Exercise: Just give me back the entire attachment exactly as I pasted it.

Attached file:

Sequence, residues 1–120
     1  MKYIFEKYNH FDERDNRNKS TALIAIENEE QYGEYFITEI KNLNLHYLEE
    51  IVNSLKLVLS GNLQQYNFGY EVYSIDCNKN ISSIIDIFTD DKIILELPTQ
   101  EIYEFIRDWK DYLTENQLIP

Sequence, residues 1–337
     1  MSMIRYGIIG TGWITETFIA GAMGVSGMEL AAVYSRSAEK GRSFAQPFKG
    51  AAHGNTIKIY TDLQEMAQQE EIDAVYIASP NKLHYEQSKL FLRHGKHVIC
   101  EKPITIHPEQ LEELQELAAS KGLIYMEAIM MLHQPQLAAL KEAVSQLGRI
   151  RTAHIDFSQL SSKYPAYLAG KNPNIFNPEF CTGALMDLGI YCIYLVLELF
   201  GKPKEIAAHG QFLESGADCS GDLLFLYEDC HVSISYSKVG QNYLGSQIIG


Sequence, residues 1–120
     1  MKYIFEKYNH FDERDNRNKS TALIAIENEE QYGEYFITEI KNLNLHYLEE
    51  IVNSLKLVLS GNLQQYNFGY EVYSIDCNKN ISSIIDIFTD DKIILELPTQ
   101  EIYEFIRDWK DYLTENQLIP

Sequence, residues 1–337
     1  MSMIRYGIIG TGWITETFIA GAMGVSGMEL AAVYSRSAEK GRSFAQPFKG
    51  AAHGNTIKIY TDLQEMAQQE EIDAVYIASP NKLHYEQSKL FLRHGKHVIC
   101  EKPITIHPEQ LEELQELAAS KGLIYMEAIM MLHQPQLAAL KEAVSQLGRI
   151  RTAHIDFSQL SSKYPAYLAG KNPNIFNPEF CTGALMDLGI YCIYLVLELF
   201  GKPKEIAAHG QFLESGADCS GDLLFLYEDC HVSISYSKVG QNYLGSQIIG